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Old 09 March 2018, 11:16 PM
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ganzfeld ganzfeld is offline
Join Date: 05 September 2005
Location: Kyoto, Japan
Posts: 23,759

Originally Posted by Skeptic View Post
Is it just me, or does this sort of thing appear about every five years.
Well, TIGHAR has been pushing their evidence every year or so. I think they are very serious and committed to solving the mystery. My problem with all of their evidence is that they've engaged in a tremendous amount of work to confirm their hypothesis and almost none to disprove it so (of course) they've confirmed it many ways, many times and there's no way of knowing at this point the likelihood they are wrong or right.

This particular study is not them (I guess) but it's someone working on their particular hypothesis and it seems like the same trap. The study itself mentions at least seven other reasonable people documented to have disappeared on the exact island during that time whereas Earhart is known to have been somewhere in a several hundred mile radius. So the statement in the paper that "In the case of the Nikumaroro bones, the only documented person to whom they may belong is Amelia Earhart" is more a statement on the lack of the specific physical records of those people. (Gee, why do we have more documentation about a world-famous aviator than random shipwreck victims and castaways?) There were several other known shipwrecks and many people known to have died in the area. How many other people could have had their skeletons arrive on the island in various ways during the previous 30 or 50 or 100 years... So this kind of statement is extremely dubious (to me at least - maybe I'm missing something).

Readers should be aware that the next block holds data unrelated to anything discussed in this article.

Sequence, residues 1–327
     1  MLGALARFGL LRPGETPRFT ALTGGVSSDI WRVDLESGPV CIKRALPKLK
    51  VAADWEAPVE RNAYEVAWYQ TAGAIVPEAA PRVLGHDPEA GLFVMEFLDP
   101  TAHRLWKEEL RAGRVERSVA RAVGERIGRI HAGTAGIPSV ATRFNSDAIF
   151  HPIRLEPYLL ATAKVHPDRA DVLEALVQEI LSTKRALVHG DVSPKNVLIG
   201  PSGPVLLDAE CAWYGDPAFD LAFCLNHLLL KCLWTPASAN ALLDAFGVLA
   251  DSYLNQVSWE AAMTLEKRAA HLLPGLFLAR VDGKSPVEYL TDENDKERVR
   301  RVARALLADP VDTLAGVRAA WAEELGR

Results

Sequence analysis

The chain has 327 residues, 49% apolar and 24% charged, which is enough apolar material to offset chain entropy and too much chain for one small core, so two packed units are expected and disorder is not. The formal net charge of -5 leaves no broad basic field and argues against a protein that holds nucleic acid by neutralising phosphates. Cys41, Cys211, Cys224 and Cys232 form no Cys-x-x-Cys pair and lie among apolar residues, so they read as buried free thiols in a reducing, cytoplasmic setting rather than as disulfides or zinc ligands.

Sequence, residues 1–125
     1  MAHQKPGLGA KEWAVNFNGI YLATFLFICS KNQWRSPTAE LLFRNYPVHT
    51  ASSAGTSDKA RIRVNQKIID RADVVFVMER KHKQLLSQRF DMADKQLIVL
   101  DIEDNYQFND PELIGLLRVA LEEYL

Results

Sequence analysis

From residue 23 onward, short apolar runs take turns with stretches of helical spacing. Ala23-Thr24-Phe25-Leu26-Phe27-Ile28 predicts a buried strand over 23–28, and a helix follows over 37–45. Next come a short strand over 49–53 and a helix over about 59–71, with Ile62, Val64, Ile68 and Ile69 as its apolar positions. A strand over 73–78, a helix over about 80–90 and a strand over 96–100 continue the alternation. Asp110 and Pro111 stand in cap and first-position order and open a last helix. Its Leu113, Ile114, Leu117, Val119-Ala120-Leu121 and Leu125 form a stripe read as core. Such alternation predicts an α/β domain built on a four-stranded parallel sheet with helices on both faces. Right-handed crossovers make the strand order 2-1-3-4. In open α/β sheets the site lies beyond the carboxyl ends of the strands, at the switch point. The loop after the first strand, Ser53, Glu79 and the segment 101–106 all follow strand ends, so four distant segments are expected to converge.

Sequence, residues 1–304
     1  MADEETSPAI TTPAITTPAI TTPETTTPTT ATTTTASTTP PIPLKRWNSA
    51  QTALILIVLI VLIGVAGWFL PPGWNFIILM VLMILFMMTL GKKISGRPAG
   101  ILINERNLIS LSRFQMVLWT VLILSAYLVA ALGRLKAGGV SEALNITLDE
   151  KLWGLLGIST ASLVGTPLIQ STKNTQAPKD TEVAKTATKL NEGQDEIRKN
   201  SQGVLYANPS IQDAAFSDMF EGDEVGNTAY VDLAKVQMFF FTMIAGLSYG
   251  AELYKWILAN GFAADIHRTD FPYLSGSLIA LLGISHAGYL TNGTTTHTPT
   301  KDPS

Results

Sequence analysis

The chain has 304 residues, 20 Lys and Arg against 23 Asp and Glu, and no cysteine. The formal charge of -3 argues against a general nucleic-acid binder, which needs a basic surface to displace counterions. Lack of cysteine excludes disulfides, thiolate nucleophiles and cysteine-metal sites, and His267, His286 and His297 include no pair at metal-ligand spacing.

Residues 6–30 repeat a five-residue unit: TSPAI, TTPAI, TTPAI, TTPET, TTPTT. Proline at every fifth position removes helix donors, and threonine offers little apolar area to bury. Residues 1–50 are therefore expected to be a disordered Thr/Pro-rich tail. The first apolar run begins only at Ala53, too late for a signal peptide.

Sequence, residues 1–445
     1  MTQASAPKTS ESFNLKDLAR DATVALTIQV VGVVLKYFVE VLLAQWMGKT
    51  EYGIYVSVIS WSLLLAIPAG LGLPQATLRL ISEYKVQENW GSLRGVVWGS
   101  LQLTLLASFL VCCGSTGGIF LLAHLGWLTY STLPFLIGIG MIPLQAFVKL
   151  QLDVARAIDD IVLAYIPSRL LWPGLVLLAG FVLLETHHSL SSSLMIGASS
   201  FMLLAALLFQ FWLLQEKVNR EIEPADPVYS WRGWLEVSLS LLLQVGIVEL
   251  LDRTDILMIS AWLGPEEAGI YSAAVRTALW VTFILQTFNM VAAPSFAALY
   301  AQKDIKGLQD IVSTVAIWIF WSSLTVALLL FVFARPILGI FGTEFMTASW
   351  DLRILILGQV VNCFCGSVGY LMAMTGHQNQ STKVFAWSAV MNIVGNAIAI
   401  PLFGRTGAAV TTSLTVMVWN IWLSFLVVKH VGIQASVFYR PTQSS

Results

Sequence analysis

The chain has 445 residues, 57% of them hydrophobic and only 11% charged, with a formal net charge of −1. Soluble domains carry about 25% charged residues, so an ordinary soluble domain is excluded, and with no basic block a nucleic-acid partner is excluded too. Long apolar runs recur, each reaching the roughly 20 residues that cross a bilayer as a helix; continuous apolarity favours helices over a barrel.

It's frustrating because this has been the way this avenue has been pursued the whole time. They find a bit of a comb or something and trace it back to 1930's US female populations. But there's no effort to find such evidence on similar islands that are definitely not where she disappeared or to make a catalogue of all the items found that were not from the same period. So sifting through tonnes of flotsam and jetsam on an island they found what they think is compelling evidence and a compelling story. We're left wondering "what are the odds?" and there's not going to be an answer, presumably because that kind of research doesn't get funded, I suppose.

I'm glad this adds more evidence but it doesn't make a big change in the quality of the evidence.
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